4. Anne McLean

    Anne McLean Active Member

    Hi Dieter,

    The advice given in my MSDS and my COSHH Assessment states that Phenol is embyrotoxic and foetotoxic in animals. I haven't looked for more evidence than that. It has been found to cause cancer in laboratory animals and may cause adverse mutagenic effects.

    Like you, I'd rather play safe where there is the slightest chance that Phenol may cause reproductive fetal effects, so we do not expose any pregnant women, whether patients or staff to Phenol at any time.


  5. Dieter Fellner

    Dieter Fellner Well-Known Member

    Undoubtedly phenol is toxic but I am sure we do not actually know if any of it is absorbed when used in a chemical matricectomy....?
  6. Anne McLean

    Anne McLean Active Member

    Hi Dieter,

    We do know that Phenol can be harmful if inhaled or absorbed through the skin, resulting in severe respiratory and digestive tract irritation. When this is so, presumably it is also absorbed when used in a chemical matricectomy.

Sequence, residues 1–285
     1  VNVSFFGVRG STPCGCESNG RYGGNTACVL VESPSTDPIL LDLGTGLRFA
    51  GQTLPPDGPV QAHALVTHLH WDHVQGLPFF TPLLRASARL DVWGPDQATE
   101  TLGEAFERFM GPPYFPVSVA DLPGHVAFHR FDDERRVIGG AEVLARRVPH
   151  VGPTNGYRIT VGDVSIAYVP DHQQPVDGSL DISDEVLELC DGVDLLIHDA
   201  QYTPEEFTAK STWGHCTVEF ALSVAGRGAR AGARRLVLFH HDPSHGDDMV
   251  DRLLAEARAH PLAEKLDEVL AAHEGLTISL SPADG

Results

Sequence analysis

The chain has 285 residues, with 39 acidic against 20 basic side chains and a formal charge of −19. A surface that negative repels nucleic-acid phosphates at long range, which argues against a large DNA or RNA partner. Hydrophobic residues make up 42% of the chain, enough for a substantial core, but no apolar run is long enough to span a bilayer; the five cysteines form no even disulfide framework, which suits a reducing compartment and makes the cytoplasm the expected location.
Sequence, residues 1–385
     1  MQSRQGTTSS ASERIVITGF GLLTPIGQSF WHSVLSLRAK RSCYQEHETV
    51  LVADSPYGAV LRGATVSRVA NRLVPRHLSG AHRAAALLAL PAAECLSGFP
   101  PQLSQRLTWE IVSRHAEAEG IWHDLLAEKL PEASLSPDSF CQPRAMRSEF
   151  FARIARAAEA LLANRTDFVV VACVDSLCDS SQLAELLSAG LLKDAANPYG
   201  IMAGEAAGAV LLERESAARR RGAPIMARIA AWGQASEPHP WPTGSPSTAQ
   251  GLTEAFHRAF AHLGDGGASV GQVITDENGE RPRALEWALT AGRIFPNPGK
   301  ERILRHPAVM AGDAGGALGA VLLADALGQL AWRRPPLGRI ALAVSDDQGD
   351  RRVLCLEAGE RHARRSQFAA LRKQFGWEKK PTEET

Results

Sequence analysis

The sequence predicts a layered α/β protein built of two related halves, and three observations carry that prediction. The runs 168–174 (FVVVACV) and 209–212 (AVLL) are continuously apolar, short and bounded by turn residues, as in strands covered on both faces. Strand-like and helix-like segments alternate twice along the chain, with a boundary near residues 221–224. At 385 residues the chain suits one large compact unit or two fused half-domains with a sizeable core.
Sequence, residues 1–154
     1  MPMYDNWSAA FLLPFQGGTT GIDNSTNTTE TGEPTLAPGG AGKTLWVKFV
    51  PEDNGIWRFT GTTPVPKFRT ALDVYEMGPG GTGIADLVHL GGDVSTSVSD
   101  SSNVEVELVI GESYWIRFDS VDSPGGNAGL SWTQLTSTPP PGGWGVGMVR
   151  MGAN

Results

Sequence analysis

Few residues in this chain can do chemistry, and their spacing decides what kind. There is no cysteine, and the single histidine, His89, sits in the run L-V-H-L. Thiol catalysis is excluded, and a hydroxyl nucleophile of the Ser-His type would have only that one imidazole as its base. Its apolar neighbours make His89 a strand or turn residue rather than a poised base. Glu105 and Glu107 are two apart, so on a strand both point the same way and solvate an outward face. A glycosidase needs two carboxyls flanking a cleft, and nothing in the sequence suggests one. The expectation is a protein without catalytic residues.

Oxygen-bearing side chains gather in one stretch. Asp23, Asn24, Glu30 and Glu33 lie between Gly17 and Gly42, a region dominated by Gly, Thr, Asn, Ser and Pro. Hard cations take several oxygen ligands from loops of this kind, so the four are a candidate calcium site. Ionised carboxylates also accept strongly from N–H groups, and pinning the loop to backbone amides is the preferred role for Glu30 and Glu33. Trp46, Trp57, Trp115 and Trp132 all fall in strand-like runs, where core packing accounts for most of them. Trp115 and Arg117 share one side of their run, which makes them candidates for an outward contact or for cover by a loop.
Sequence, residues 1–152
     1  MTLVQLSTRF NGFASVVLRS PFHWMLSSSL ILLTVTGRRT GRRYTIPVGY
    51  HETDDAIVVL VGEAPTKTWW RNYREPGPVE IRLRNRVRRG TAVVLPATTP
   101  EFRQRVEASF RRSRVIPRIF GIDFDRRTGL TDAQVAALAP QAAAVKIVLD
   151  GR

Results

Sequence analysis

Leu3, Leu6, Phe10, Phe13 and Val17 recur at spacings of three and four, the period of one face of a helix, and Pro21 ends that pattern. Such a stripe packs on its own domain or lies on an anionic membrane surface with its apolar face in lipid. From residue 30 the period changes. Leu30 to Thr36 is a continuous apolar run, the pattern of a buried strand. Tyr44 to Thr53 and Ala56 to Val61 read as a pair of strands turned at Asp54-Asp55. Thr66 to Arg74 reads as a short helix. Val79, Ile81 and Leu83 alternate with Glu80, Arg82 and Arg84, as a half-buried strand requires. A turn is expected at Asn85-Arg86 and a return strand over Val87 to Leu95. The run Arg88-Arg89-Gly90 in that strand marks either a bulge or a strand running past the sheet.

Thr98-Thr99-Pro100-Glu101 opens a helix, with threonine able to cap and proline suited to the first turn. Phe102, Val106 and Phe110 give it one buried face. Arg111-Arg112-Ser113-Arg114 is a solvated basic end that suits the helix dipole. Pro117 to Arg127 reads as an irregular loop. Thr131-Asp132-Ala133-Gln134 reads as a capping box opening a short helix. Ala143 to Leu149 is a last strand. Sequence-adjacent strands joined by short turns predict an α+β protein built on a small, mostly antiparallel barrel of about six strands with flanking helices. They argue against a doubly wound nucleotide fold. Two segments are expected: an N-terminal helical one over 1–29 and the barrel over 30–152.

7. podomania

    podomania Active Member

    Hi Dieter
    I had the knowledge for the university that the real contraindication for pregnant women is the administration of LA. The administration of phenol comes secondarily as a contraindication. And now i am really surprised that none of you lot not even mention it, and futhrmore that you proceded with the nail avuslion (obviously under LA) with no hesitation . I would like to know whether my knowledge is not reliable.
    Thank you
  8. Anne McLean